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Homebodies Have Cabin Fever Too: Here’s why – and what you can do.

I talk a lot about haven and how you can create your own haven at home. Home is usually the place we run to when we’re overwhelmed, anxious, and just need a break.

 

But what happens when home adds to your anxiety? In this uncertain time, many of us are tucked away in our homes trying to live and work our normal lives. If you’re an Introvert (INFJ, here), this might be the life you dreamed of: minimal social contact with strangers, working from the comfort of your own space, skipping the daily commute…

 

But now that you’re actually here, you find yourself going a little stir-crazy. You’re hyper-sensitive, you’re arguing with loved ones, your sleeping habits are all over the place, and you’re probably overeating (or over-drinking.) I feel ya. I’ve been working from home for the better part of 10 years but this feels different.

 

My routine is the same. My environment and lifestyle is, I admit, minimally altered. So what’s different? Why are we struggling? Why are we ansty, bored, angry, weepy, withdrawn, and claustrophobic? Why is my heart racing and why do I feel like I need to run all the miles??

The amygdala's response is triggered by emotions like fear, anxiety, and anger.

It’s all in your head.

 

No, really. Your amygdala is the bit of your brain that reports for duty when we are frightened. It’s responsible for the flight-or-fight response you often hear about in times of stress. It’s the reason our primitive selves were pumped full of adrenaline when coming face to face with a wild animal.

 

It is not capable of logical thought. It has 2 modes: OFF and “OMG, RUUUUUN!” And once it’s on, it prepares you to either fight the threat or get away from it as fast as you can. There is no in between. There are no various levels of threat. All danger is mortal danger.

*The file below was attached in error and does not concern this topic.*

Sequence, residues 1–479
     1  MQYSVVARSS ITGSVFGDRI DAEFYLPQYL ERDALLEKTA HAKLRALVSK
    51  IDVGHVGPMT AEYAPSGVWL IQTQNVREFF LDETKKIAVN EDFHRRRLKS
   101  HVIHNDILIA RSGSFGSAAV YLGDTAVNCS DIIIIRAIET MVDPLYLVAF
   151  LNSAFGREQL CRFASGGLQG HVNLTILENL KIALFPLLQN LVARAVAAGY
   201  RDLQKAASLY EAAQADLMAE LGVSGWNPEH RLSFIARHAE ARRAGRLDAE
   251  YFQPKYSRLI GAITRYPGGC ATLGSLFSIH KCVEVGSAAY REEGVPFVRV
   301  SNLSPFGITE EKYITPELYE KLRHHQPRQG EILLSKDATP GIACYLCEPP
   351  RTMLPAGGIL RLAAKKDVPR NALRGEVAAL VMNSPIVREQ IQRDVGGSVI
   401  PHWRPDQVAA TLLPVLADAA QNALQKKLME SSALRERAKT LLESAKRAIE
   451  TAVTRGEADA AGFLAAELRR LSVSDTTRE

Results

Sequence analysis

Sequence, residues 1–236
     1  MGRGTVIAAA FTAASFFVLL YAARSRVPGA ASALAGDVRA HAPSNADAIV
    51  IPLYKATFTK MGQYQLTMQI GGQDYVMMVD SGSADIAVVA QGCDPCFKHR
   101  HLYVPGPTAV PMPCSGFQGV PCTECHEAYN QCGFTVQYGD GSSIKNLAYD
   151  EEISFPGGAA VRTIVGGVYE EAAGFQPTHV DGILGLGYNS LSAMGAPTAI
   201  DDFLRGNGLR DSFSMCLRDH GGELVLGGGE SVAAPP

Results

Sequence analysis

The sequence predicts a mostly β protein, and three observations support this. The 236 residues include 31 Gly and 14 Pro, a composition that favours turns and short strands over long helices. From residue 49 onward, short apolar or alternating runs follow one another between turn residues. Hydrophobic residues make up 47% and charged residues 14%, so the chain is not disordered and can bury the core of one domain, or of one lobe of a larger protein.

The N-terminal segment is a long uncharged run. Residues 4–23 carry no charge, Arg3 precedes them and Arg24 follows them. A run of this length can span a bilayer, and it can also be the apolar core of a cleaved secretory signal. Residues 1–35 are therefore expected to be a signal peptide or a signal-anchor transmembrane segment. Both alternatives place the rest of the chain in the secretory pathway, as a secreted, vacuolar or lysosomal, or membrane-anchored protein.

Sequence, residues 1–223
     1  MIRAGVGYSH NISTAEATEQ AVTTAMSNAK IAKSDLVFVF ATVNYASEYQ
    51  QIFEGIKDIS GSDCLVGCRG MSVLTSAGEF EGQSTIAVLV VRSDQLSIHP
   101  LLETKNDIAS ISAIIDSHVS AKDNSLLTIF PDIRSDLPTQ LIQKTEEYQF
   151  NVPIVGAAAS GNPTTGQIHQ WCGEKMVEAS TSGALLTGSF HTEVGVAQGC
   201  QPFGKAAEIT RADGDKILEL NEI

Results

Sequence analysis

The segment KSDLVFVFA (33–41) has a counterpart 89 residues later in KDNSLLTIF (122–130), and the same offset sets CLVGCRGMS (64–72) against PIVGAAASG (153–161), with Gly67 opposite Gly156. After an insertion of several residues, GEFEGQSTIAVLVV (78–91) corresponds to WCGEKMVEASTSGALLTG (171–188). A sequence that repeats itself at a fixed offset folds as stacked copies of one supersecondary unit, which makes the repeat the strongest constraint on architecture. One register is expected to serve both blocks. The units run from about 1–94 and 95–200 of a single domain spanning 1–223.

Perceived Threats

 

So now that you know the amygdala is trying to protect you from threats, you can begin to understand why you are suddenly feeling like you are in a battleground 24/7. Because coronavirus is a threat, our brain is preparing us to flee when what we really need to do for protection is stay in place.

 

This goes against our most basic design. What do you mean stand here with the tiger?? So instead of running away we are lashing out, feeling cornered, and literally not thinking rationally. There is nothing about the primitive brain that is rational.

What To Do

 

  1. Breathe: Breathe slowly in through your mouth and out through your nose. Controlling your breath tells your body that you are safe. Try one of these breathing techniques.
  2. Talk: Get on the phone with a trusted friend. Don’t try to “fix” anything, just release some frustration… and just listen if you get the same kind of call.
  3. Turn off the news and social media: Emotions are flying. Set your boundaries and be careful about what you consume.
  4. Be mindful of your coping mechanisms: Overeating, drinking excessive alcohol, watching the daily White House briefing (*ahem*), or scrolling madly through social media will keep you in “OMG RUUUUUUN!” mode.
  5. Be gentle. Be kind to yourself and others. read an uplifting book, check in on your neighbors (by phone), leave inspiring messages in chalk in your driveway.

 

We got this.

Additional resources:

Learn more about how your brain works here.

 

This is an anxious time. Give yourself permission to slow down and take advantage of your downtime. Pull out your Relief Kit as often as you need to.

 

Try an app. Apps like Calm and Shine can lead you through occasional bouts of anxiety and depression. Shine has a special section devoted to Coronavirus fears.

 

Seek help. If you feel your anxiety or depression is out of your control, seek professional help immediately. Text 741741 to talk with a crisis counselor at Crisis Text Line—it’s free, confidential, and available all hours.

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